Submission of the Appellate Brief to the Appellate Court
When the appellate brief has been completed, the client will be sent a copy for review and comments prior to the brief being submitted to the appellate court. Any comments and suggestions the client makes will be given consideration by the attorney. However, the final decision as to what the brief will include remains in the discretion of the attorney. The appellate brief submitted on the client’s behalf is referred to as the Appellant’s Brief and will be submitted to the appropriate appellate court.
A copy of the Appellant’s Brief will also be served on the District Attorney’s Office. The District Attorney’s Office will submit a response. The brief that the District Attorney’s Office submits to the appellate court in response is referred to as the Respondent’s Brief. A copy of the Response Brief will be mailed to the client.
If the client feels strongly about an issue that was not argued by the attorney in the appellate brief submitted on the client’s behalf, the Appellate Division provides the means by which the client may do so. The client may submit to the Appellate Division what is referred to as a pro-se supplemental brief. However, prior to submitting a pro-se supplemental brief, the client must first obtain the permission of the Appellate Division.
Decision by the Appellate Court
After the appellate court has received both the Appellant’s Brief and the Respondent’s Brief, the case is placed on the appellate court’s calendar for oral argument. Subsequent to this date, the appellate court will render a written decision on the appeal. The appellate court’s decision will either affirm (confirm) the lower court’s verdict or adverse ruling against the client or the court could issue a decision in the client’s favor where it reverses or modifies the conviction or adverse ruling by the lower court. The Legal Aid Society will notify the client of the appellate court’s decision and the court’s written decision will be sent to the client.
If the appellate court affirms the client’s conviction(s) or adverse ruling by the lower court, the conviction or ruling remains in effect. However, if the appellate court reverses the conviction or adverse ruling, the case is remanded (returned) to the lower court for action as directed by the Court.
Relief if Appellate Term or Appellate Division Affirms Lower Court’s Decision
If the Appellate Term or Appellate Division has affirmed or modified the conviction or adverse ruling made in the lower court, the Appeals Bureau will make an application on the client’s behalf requesting that the Court of Appeals hear the appeal. As stated, the Appellate Term and the Appellate Division must hear the appeal. To the contrary, the Court of Appeals has the discretion as to whether or not it will hear an appeal. In only a very small percentage of cases will such a request be granted by the Court of Appeals.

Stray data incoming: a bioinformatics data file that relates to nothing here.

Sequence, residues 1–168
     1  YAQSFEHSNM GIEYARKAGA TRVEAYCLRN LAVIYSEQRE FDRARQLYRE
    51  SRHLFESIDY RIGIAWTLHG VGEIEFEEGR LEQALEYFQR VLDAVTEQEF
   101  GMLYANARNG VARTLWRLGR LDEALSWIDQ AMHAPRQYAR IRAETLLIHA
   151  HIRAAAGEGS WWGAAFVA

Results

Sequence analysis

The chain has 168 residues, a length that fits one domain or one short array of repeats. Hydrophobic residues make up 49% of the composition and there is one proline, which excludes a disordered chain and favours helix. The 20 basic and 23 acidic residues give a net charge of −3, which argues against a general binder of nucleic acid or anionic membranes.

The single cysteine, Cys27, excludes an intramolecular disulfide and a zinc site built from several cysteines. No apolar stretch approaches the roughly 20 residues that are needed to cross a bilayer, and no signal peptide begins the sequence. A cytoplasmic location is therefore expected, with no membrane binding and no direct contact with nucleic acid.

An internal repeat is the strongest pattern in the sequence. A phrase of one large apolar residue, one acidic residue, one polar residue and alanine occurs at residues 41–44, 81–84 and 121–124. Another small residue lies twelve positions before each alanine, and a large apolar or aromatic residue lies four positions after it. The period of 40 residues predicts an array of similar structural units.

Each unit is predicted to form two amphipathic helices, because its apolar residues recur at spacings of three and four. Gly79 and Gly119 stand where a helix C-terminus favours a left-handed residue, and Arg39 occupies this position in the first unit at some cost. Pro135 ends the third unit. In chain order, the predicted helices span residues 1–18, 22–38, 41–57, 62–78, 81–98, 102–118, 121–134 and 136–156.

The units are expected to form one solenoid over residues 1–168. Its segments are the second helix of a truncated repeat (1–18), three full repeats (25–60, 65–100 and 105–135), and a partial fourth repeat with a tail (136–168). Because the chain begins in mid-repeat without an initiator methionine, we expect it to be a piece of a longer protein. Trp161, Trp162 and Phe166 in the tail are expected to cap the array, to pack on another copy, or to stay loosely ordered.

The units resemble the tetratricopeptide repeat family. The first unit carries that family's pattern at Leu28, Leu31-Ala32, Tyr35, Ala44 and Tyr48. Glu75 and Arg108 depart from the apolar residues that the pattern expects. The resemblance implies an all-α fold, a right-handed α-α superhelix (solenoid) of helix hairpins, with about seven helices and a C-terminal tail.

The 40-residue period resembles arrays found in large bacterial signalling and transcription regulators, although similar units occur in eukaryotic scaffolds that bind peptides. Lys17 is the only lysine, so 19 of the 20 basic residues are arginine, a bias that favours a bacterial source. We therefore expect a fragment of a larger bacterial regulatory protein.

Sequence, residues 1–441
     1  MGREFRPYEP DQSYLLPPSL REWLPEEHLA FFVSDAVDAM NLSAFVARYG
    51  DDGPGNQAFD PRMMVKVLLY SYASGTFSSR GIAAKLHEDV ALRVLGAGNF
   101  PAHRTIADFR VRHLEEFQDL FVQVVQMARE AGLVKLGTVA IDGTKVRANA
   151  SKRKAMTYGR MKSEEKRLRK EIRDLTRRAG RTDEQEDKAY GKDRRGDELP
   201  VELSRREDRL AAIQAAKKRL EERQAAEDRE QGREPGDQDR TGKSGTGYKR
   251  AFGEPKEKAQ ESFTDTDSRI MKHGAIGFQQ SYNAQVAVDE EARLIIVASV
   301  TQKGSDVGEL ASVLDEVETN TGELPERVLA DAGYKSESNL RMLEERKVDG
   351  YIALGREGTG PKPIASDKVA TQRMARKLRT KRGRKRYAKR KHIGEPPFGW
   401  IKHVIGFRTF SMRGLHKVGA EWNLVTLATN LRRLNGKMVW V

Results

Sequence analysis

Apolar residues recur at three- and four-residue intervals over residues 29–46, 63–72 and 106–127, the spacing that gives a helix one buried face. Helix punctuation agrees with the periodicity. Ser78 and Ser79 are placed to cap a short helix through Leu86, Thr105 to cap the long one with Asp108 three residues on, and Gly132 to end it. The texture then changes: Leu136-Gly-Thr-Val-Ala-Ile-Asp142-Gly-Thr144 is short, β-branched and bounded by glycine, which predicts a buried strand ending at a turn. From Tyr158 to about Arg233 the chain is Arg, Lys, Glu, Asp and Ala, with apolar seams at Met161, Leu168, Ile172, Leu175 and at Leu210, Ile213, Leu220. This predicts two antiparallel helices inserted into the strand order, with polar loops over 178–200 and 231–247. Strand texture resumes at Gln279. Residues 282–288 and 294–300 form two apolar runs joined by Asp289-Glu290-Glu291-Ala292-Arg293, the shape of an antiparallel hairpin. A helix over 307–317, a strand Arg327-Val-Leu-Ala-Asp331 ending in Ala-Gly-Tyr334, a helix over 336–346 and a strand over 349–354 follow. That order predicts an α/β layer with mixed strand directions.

If the Court of Appeals denies the application for leave to appeal, the client has exhausted his appellate remedies in the courts of the State of New York. With direct appeals, some cases involving issues of federal law may warrant an application for a writ of certiorari to the US Supreme Court which, like the NY Court of Appeals has discretionary jurisdiction. Similarly, with post-conviction motions filed pursuant to NY CPL § 440, the client may petition the U.S. District Court for the Eastern District of New York for a writ of habeas corpus if the claim involves issues of federal law.
The attorneys of the Appeals Bureau of the Legal Aid Society of Suffolk County will constantly strive to provide its clients with the highest quality appellate representation. To this end, clients will always be apprised of the status of their appeal, all correspondence from the client will receive a prompt response, all suggestions from the client concerning his appeal will receive consideration and the most persuasive argument for convincing the appellate court to reverse or modify the client’s conviction(s) will be raised in the appellate brief .